Skin Health and Sun Safety
The skin is the largest organ in the human body and with skin cancer being the most common type of cancer in the United States, it is important to learn how to protect the skin. The most common cause of skin cancer is exposure to ultraviolet (UV) rays which can come from the sun or artificial sources such as tanning beds. Ultraviolet rays can cause skin damage in as little as 15 minutes. Taking steps to protect the skin from UV rays can help decrease the risk of developing skin cancer and other sun damage.
Even on cool, cloudy days, UV rays from the sun can damage the skin. Before going outside, you should apply sunscreen with an SPF (sun protection factor) of at least 15. Most sunscreen products absorb, reflect, or scatter sunlight and have chemicals that interact with the skin to protect from ultraviolet rays. Not all sunscreen products have the same ingredients and some will be more effective than others.
Sunscreen products are given a sun protection factor (SPF) number that is determined by their effectiveness in blocking ultraviolet rays. Sunscreens with a higher SPF will provide more sun protection. Sunscreen can wear off so it is important to reapply when in the sun for long periods of time. Sunscreen products can also expire, so be sure to check the date before using. Sunscreens with a higher SPF should be used on children.
In addition to sunscreen, clothing can help protect skin from the harmful effects of the sun. Wearing long pants, and long sleeves can provide UV protection. Clothes that are made from tightly woven or knit fabric generally offer better protection. Darker colors tend to offer more sun protection than lighter colors. While it may not be practical to wear long pants and sleeves for a day at the beach, wearing a t-shirt or coverup along with sunscreen can provide additional protection. Hats with brims are also advised for protecting your face, ears, and neck.
Stay in the Shade
Staying in the shade under some sort of shelter such as a tree or umbrella can reduce the risk of sun damage. It is best to wear sunscreen even in the shade as shade will provide some relief from the sun but UV rays can still damage the skin.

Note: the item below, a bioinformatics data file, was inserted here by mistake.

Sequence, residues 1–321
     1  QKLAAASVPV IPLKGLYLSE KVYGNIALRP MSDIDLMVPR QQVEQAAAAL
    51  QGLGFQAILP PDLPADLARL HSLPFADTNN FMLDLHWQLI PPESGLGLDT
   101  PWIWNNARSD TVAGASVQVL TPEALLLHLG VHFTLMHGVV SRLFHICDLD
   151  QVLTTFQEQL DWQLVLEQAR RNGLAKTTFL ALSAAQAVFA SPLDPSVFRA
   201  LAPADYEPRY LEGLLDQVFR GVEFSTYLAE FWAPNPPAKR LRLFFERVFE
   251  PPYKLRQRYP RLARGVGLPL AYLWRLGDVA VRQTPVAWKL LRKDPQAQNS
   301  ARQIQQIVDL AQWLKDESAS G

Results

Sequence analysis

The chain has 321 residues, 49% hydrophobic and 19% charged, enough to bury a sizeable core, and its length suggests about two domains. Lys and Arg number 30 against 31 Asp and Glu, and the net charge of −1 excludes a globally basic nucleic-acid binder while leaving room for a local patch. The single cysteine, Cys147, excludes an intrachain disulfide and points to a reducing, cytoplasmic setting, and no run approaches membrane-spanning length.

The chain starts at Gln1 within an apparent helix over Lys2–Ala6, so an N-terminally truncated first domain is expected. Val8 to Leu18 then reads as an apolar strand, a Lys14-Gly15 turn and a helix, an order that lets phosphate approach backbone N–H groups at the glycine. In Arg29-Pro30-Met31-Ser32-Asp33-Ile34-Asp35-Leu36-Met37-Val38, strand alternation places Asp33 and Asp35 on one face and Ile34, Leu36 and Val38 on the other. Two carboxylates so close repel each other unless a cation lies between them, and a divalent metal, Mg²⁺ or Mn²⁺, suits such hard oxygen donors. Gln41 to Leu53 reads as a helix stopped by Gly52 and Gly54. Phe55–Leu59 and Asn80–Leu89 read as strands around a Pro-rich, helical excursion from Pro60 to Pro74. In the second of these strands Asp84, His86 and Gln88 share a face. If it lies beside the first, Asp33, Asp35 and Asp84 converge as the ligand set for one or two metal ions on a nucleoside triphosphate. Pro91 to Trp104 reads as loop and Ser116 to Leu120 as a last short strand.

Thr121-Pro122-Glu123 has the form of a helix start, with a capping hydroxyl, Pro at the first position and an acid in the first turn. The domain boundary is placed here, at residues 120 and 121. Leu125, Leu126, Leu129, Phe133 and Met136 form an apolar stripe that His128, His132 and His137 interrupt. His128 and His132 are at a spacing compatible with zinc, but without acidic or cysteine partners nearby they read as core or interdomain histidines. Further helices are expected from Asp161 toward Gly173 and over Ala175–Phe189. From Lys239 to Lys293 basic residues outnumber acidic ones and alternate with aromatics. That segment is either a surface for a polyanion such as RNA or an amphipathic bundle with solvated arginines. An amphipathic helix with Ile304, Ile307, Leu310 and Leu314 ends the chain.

Protecting your eyes is just as important as protecting your skin from harmful UV rays. Eye protection can reduce the risk of developing cataracts and can also protect the delicate skin around the eyes. When buying sunglasses, you should look for a pair that blocks both UVA and UVB rays. Most sunglasses sold in the US, even less expensive pairs, generally offer protection from UVA and UVB rays.
Skin cancer is the most common type of cancer in the United States. There are several different types of skin cancer with treatment options and prognosis varying for each. The different types of skin cancer include melanoma, basal and squamous cell skin cancers, merkel cell carcinoma, kaposi sarcoma, and lymphoma of the skin.
Additional Sun Safety Tips
- Remember that the sun is strongest between the hours of 10:00am and 4:00pm.
- Wear dark clothing made of tightly woven fabric.
- Keep in mind that UV rays can bounce off of water, snow, sand, and concrete.
- Avoid the use of tanning beds.
- Wear sunglasses and a hat to protect the eyes and face when in the sun.
- Keep children younger than six months out of the sun.
- Regularly reapply sunscreen when spending long periods of time in the sun and after swimming, or swearing.
- Stay in the shade when possible.
The skin plays many important roles in the human body from regulating body temperature to protecting us from the elements and its protection is vital to overall health. Learn more about skin cancer and protection from the sun.
- The Sun Safety Alliance – Safety Tips
- Be Safe in the Sun
- Skin Cancer and Sun Safety
- Skin Cancer Prevention Guidelines
- Skin Resource Center – Sun Safety
- Sun Safety – Save Your Skin!
- Sun Safety For Kids
- Skin Cancer Prevention – Sun Protection
- Action Steps for Sun Safety
- Skin and Sun – Safety First
- Skin Cancer Awareness – Sun Safety
- Sun Safe – Prevent Skin Cancer
- Types of Skin Cancer
- What Does the SPF Rating of Sunscreen Mean?
- Sun Safety – Guidelines for Protection